The 2016 election may still be several years away, but some democrats are already getting excited about a political match that they say is made in heaven: Hillary Clinton and First Lady Michelle Obama on the presidential ticket.
"All due respect for President Obama and Vice President Biden, but that would truly be a dream team for America," Karen Finney, a former spokesperson for the Democratic Party and Clinton, told the Washington Examiner. "Both women are proven effective leaders who've raise children, so dealing with Congress would be a snap."
Democratic strategist Chris Lehane, who worked closely with the Clinton White House, told the paper that all this talk of a Clinton-Obama partnership "reflects the growing awareness that it is time for the glass ceiling of the last old boys club to be firmly shattered."
Though Clinton has remained enigmatic about her future in politics, Fox affiliate KTVI reports that the former secretary of state has "remained the popular choice among Democratic hopefuls" for the 2016 presidential ticket.
As for FLOTUS, Obama has previously dismissed suggestions that she will run for political office when her husband leaves the White House. Still, there has been no shortage of speculation that the powerhouse first lady will get more involved in politics in the near future.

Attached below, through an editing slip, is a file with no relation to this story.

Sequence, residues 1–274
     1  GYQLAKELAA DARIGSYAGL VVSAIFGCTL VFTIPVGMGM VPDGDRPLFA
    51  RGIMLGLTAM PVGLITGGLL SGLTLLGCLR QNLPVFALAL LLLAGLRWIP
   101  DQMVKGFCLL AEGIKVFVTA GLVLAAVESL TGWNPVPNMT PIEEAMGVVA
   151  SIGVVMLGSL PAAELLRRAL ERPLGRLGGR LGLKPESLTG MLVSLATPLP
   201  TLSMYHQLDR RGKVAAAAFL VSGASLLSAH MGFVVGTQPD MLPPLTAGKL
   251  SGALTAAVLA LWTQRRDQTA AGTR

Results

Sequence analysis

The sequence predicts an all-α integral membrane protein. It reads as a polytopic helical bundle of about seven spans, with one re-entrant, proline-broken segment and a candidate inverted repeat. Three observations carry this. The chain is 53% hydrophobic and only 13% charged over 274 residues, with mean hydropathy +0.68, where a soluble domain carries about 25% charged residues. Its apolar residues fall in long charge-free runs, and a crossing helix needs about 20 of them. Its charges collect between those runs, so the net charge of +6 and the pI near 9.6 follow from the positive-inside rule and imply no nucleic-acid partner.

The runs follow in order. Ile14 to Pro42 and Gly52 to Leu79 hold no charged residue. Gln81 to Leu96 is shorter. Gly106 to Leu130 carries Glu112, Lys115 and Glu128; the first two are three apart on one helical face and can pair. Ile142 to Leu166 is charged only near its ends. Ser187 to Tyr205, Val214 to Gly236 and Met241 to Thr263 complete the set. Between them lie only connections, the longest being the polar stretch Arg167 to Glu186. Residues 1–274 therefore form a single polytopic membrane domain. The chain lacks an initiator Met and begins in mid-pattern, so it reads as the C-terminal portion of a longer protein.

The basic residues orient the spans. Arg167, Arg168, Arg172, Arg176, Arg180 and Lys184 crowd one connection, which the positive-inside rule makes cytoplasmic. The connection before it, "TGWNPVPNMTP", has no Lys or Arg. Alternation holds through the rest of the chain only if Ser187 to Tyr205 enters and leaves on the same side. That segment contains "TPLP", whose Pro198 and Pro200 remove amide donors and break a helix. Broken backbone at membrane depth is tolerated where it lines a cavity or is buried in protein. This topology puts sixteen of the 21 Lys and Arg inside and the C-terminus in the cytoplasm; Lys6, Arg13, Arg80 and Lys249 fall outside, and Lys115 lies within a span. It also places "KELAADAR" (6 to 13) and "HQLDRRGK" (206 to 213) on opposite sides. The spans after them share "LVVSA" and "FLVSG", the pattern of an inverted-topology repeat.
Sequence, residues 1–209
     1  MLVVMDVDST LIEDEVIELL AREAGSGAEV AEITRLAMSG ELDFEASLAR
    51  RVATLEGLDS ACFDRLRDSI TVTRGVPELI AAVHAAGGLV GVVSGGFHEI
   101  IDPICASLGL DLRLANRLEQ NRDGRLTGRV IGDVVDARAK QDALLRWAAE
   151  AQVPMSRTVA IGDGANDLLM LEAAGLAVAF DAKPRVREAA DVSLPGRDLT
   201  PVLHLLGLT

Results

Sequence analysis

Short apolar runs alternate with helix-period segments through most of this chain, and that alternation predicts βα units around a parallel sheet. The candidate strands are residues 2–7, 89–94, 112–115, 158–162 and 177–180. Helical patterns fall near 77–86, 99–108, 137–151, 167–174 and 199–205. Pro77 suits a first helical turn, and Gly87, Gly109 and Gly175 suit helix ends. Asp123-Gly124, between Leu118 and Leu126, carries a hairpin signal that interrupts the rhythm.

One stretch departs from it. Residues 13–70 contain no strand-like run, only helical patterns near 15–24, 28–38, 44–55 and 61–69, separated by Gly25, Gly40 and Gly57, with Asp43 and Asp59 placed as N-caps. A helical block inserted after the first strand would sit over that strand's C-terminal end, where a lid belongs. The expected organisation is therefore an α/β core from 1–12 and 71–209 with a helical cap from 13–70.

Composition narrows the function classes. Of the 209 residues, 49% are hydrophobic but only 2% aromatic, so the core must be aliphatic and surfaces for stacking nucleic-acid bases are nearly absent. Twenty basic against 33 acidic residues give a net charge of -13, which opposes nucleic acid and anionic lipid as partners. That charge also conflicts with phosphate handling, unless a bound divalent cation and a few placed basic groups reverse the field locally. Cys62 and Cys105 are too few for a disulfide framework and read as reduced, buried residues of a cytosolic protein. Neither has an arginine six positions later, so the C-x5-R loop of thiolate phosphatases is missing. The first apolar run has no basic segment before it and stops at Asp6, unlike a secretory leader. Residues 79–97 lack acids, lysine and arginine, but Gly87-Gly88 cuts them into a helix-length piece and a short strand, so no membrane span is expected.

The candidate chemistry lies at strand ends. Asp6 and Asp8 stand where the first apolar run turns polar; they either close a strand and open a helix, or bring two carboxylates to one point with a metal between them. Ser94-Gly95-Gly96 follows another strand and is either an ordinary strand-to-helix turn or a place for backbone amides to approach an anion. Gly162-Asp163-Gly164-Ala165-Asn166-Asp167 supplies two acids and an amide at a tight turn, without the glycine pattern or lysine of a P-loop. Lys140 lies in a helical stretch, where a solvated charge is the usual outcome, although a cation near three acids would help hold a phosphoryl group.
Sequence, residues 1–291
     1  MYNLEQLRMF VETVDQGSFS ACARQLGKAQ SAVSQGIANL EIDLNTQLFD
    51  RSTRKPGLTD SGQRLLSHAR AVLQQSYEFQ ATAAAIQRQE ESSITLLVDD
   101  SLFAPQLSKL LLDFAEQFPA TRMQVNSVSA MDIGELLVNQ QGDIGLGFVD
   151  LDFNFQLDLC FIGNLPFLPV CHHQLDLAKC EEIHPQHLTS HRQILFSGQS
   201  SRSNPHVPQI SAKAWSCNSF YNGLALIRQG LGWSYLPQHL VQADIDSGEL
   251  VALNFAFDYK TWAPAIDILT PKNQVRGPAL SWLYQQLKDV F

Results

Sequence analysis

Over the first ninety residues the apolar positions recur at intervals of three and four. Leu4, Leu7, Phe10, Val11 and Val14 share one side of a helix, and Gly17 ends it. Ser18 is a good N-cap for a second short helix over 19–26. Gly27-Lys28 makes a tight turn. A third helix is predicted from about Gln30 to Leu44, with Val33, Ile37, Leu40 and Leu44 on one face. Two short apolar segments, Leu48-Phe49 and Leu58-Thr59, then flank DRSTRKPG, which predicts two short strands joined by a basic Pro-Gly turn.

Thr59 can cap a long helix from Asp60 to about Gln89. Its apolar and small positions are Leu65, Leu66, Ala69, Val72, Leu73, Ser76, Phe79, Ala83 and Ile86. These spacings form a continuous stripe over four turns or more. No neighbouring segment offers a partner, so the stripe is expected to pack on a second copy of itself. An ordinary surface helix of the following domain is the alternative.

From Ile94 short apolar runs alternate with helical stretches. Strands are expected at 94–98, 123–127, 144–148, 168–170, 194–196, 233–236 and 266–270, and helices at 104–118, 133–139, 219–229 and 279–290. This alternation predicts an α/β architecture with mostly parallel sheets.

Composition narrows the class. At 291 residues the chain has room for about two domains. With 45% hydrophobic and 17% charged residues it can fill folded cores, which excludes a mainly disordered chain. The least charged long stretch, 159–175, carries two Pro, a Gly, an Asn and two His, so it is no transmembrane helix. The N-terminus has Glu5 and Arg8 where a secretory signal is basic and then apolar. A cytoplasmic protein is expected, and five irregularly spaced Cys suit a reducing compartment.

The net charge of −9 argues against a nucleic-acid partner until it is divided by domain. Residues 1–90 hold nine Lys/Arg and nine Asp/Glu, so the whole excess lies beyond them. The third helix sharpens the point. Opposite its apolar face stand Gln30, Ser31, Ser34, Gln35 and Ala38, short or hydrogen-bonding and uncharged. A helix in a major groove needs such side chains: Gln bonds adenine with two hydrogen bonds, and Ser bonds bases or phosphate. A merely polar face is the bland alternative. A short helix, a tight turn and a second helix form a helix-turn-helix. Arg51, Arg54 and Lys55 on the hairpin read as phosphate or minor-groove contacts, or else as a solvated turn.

“Nothing she’s done indicates she wants more power on the national or international front,” Debbie Walsh, director of the Center for American Women and Politics at Rutgers University, told Newsweek of Obama in December. “Yet everyone else says she has to have it.”
"I think she will run for something because I think she is just too capable, and now a public figure and interested in public policy," Lanny Davis, founder of Purple Nation Solutions, told HuffPost Live in February. "I think the temptation will be great, the public service pressure will be great, and I think her husband will say go for it."
Rep. James Clyburn (D-S.C.) told Newsweek last year that he would “love” to see Obama dabble more into politics.
“It would be a breath of fresh air in D.C.,” he said. “She’s honest and straightforward, which is not what you see in Washington much. She is exactly what we need around here.”
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